Turning 75By Jobers Bersales
Cebu Daily News
Mandaue went agog last night as the Presidencia, its city hall, turned 75. Designed by the great American-trained architect Juan Marcos Arellano, it is remarkable that the Presidencia has retained so much of its integrity despite the tremendous growth of Mandaue over the last three decades. Other cities and towns always put their original town halls to the wrecking ball when they begin to grow in leaps and bounds and supplant a modern glass and steel structure to project an image of modernity.
It is to the credit of the people of Mandaue that theirs still stands proud despite the rapid urbanization that has swept the city.
To mark the occasion, the city government has also launched a 200-page coffee table book titled “Mandaue: My Home, My Pride, My Future,” which not only details the history of the Presidencia but also the story behind the intermingling of the past and the present in the city itself. It has also the added bonus of ending with the future plans and projects that the people of Mandaue should expect to see by 2020. The book, authored by Louella Eslao Alix, is a project of the Mandaue City Book Project Committee headed by the city’s First Lady, Sarah Walker-Cortes, who personally labored through the final contents of the book.
Because I am part of the book project as contributing editor, I shall leave the readers and the general public to judge the book. But there is one thing that I will boldly say about this work: it is the first of its kind ever to come out from among the nine cities in Cebu. And it is not farfetched to imagine that this book will most probably challenge, nay, inspire the adjacent cities of Lapu-Lapu and Cebu to come up with their own.
Cebu City missed out on its own coffee table book when it turned 75 in February, owing perhaps to political infighting between the mayor and his City Council. But in truth, the opportunity is still there since, like Mandaue, Cebu City is still within the period to mark a diamond event like its cityhood. And I certainly hope that some thick volume will soon come out of Cebu.
The Province of Cebu too is poised to come out with its own coffee table book showcasing the island’s different natural and cultural heritage sites. Then there is also the much-awaited 55 provincial, town, and city histories. I understand there are now 26 of these that are about to be sent to the press, with more coming before the end of this month.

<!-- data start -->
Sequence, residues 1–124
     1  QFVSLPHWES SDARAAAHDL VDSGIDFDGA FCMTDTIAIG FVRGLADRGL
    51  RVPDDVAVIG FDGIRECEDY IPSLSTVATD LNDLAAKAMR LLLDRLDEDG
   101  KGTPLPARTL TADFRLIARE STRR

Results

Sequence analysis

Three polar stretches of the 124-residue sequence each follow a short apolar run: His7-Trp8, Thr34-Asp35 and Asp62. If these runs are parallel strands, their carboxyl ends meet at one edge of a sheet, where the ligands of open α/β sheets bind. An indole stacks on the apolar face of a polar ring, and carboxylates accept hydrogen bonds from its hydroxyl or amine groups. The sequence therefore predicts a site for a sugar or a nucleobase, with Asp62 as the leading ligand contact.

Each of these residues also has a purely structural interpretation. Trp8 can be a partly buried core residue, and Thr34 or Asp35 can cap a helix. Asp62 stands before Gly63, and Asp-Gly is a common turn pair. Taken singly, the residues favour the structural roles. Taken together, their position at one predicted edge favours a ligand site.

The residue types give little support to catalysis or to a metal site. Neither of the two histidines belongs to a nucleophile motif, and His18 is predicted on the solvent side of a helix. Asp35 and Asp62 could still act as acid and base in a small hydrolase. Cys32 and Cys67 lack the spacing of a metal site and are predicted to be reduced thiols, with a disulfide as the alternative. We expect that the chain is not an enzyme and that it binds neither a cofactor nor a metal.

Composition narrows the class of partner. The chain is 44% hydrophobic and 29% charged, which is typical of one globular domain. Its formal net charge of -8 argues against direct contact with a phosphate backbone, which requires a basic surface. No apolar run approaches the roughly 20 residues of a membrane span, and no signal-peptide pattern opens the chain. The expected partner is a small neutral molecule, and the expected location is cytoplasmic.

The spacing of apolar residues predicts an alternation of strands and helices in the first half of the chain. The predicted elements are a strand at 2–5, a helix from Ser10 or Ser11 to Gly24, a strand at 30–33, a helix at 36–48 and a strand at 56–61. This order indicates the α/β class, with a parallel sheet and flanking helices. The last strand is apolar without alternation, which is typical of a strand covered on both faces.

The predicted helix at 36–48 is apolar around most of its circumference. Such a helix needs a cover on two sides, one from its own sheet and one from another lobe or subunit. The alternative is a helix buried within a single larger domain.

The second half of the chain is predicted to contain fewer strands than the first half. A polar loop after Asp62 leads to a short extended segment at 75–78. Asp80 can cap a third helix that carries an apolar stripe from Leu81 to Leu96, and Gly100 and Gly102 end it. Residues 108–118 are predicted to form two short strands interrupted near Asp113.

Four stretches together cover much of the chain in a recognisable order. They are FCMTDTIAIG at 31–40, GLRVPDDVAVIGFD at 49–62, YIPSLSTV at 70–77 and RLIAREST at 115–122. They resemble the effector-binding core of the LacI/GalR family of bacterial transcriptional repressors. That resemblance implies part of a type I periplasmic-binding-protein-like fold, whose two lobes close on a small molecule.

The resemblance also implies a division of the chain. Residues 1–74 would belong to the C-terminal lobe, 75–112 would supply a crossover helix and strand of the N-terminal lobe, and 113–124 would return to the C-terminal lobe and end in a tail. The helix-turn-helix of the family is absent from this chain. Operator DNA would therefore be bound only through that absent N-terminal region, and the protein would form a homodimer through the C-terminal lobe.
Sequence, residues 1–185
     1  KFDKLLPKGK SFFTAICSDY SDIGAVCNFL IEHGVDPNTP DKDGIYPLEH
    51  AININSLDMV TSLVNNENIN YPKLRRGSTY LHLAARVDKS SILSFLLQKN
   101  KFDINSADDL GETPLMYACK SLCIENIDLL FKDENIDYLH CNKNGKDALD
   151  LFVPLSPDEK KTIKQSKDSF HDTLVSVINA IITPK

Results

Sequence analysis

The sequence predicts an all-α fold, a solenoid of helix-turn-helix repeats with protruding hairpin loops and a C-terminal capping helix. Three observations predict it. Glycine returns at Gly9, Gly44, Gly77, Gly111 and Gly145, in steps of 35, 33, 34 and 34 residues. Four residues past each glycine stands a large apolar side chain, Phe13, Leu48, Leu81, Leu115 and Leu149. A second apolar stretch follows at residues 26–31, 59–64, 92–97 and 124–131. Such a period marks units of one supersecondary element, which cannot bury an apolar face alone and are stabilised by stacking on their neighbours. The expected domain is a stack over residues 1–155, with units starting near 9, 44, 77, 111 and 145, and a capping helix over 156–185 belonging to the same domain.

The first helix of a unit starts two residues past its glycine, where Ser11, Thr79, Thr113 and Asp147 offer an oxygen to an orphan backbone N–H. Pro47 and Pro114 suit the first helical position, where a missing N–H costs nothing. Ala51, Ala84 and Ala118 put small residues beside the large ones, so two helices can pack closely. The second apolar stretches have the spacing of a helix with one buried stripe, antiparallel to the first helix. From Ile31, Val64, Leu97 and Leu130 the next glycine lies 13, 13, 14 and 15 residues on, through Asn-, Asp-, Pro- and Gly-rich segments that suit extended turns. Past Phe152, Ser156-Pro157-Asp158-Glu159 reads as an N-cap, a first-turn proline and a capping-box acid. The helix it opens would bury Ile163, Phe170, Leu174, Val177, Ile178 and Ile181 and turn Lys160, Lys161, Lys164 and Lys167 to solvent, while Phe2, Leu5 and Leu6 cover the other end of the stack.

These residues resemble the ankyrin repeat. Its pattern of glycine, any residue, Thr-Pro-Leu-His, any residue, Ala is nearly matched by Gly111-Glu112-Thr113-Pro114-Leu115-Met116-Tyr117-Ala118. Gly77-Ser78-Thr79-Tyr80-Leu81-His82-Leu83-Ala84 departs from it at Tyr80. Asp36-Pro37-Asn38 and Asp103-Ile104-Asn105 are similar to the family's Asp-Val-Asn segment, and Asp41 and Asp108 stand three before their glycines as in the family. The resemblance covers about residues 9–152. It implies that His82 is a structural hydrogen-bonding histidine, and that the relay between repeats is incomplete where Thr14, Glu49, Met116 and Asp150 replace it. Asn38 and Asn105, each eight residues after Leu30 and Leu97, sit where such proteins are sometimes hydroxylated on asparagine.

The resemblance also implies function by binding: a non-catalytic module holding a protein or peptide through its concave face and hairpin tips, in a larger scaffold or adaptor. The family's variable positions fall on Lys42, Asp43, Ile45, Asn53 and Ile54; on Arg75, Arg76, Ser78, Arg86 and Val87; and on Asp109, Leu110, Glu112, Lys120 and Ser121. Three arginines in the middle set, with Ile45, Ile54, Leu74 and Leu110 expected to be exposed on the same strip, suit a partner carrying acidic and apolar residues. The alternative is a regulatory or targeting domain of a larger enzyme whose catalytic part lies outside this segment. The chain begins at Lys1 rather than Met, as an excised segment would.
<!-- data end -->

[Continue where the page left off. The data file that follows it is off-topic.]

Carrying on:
The years 2012 will surely be remembered as the year of official histories and coffee table books for Cebu.
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Someone posted on Facebook to vote on the nomination of Cebu City as one of the so-called “New Seven Wonders (sic) Cities of the World.” I see nothing wrong with expressing pride and our belief that this city should be one of the lucky seven. But it would be quite interesting if there would be a listing of what things make the city a wonder (or wonders, as the ad announced) when compared to other cities in Southeast Asia.
I can add one: I wonder when the Department of Public Works and Highways will finally re-pave the long strip of national road along Banilad leading to Archbishop Reyes Flyover II. Its potholes have been there since time immemorial and I can aver that a large part of the city’s major taxpayers pass by this highway every day, given the expensive cars that drive through it and because it leads to five or seven large expensive subdivisions. A few asphalt overlays have not helped. That flyover also needs a new coat of asphalt as it too is full of potholes, posing a real danger as some drivers attempt to avoid these deep gouges (on a flyover, huh). Wonder of wonder, perhaps we can nominate that flyover as the only one in the world with potholes that have remained unpaved over the last two years already!
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ERRATUM: The veterinarian and researcher at the Leonard Wood Memorial Research Laboratory of the Eversley Childs Sanitarium is Dr. Eduardo dela Cruz, not Dr. Jun dela Cruz. Apologies to my good friend, Dr. Ed. I was running late in posting my article and had no time to review it. Also, Eversley Childs Sanitarium is ECS, not EVCS as written in my previous column.
More from this Column:
- Rejoinder from non-pigs in the pigsty
- Cebuanos in a pigsty
- Culture and heritage: The unfinished agenda
- Ka Bino’s diapers
- Digging San Remigio anew